Like so many 1970s Marvel books, it starts with a mugging. Bill Foster is accosted by some street hoods, so he grows big and literally bowls them down with a garbage can as they flee. The dialog isn’t great (“Uh-uh! No leaving without saying you’re sorry!”), but at least it isn’t stilted in an insulting black vernacular, like they often do with Luke Cage. And you have to applaud Marvel for having two black solo superhero comics out at the same time. Even today, that’s a rarity.
Sadly, it’s not a very good comic. Foster is working in research and development for Tony Stark. You’ll see a tag for Geoffrey Ballard at the bottom. He becomes a villain much later, in Ms. Marvel #18.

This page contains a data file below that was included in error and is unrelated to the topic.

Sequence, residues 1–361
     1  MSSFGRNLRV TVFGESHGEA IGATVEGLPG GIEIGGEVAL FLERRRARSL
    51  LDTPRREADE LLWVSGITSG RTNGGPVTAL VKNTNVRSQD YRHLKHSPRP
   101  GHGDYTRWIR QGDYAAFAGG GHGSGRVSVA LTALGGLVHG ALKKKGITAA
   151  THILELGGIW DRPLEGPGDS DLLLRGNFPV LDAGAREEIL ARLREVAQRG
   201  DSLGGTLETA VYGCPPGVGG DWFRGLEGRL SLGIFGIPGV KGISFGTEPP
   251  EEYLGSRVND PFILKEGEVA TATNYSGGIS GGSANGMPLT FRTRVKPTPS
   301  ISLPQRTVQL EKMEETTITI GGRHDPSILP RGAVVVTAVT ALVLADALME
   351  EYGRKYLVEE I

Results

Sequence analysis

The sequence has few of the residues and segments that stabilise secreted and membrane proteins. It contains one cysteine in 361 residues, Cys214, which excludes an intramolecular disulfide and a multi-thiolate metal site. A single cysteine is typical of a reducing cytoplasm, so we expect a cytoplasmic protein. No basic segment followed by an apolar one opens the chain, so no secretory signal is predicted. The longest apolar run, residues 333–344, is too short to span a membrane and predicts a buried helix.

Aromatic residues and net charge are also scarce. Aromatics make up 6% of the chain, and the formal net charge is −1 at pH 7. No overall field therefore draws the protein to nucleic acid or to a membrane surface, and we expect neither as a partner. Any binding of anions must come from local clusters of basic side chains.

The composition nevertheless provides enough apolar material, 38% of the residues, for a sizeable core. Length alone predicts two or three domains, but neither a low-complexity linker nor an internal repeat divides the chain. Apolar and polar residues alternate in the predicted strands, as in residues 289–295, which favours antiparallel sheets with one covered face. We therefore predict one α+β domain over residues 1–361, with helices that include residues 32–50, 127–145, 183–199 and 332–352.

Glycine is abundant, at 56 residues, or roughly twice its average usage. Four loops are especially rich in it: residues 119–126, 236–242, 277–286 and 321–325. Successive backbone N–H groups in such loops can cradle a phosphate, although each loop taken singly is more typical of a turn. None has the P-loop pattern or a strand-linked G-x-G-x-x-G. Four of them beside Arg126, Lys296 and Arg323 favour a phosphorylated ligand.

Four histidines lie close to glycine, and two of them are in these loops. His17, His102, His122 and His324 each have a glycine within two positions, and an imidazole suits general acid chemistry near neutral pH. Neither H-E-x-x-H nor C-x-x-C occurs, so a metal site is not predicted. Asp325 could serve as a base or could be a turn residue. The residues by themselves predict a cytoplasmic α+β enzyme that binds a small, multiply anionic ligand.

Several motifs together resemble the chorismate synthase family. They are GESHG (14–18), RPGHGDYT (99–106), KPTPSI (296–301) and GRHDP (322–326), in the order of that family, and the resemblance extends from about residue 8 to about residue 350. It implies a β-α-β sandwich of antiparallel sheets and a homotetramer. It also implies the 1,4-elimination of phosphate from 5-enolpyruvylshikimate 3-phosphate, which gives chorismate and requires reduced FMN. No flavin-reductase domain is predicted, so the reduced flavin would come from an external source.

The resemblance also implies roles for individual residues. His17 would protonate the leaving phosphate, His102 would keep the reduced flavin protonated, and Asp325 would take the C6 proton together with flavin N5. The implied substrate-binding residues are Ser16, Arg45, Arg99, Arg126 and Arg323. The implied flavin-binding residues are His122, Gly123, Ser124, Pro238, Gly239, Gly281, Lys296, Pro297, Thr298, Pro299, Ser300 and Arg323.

Since he’s in a secret lab, Black Goliath fights off guys who try to steal some tech. First, it’s Atom Smasher.
A villain who can turn himself into pure energy.
Then, a never-seen-again villain called Vulcan. Then, he caps off his series with a fight against Stilt Man. Silt-Man?!?
Along the way, we learn that Foster has cancer.
And to make the book appear more “authentically ethnic,” there’s a bodega called “Pop’s.”
And hoodlums hang out in front of it. Because of course they do.
Also, Kurt Busiek chimes in with a letter-troll letter.
“Fantastic!” ??? Dude. You’re lying. Here’s the yellow box farewell from issue #5:
Tony Isabella (“conceived and written” #1), Chris Claremont (writer #2-4), George Tuska (pencils)